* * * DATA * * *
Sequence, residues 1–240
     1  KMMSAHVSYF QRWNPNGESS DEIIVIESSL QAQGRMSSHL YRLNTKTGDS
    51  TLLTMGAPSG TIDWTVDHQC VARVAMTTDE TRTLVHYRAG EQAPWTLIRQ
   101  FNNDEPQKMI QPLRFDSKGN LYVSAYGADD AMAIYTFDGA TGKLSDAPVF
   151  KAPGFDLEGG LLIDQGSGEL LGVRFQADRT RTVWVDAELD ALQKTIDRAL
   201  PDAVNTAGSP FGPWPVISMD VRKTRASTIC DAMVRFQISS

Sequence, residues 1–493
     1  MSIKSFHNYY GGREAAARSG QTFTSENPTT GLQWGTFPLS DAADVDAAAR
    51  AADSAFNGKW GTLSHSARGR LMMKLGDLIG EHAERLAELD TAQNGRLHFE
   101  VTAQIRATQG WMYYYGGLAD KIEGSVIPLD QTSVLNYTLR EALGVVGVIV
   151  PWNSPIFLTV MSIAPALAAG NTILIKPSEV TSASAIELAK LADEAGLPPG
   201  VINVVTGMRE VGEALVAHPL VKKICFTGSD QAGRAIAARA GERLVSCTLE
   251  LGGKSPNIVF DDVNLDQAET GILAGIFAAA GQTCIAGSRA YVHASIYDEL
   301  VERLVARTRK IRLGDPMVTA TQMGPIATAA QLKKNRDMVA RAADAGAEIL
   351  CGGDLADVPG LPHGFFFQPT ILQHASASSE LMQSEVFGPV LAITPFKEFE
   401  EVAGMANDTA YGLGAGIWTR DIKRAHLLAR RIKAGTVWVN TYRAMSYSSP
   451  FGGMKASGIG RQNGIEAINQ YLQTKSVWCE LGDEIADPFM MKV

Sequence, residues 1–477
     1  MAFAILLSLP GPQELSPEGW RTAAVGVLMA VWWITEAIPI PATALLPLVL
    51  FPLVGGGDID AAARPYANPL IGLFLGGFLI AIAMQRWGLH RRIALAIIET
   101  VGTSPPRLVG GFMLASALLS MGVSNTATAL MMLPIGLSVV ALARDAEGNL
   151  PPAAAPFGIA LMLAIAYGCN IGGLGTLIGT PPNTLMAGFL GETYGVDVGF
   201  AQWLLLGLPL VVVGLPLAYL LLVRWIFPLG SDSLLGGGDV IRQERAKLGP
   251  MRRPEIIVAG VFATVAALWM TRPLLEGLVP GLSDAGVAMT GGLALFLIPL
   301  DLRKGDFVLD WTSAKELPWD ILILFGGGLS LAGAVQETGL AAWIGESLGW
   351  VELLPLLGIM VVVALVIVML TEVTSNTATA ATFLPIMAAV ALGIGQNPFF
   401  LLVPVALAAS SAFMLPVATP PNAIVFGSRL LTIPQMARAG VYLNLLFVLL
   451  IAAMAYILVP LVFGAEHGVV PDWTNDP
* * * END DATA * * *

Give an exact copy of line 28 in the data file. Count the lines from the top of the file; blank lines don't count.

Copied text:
   451  IAAMAYILVP LVFGAEHGVV PDWTNDP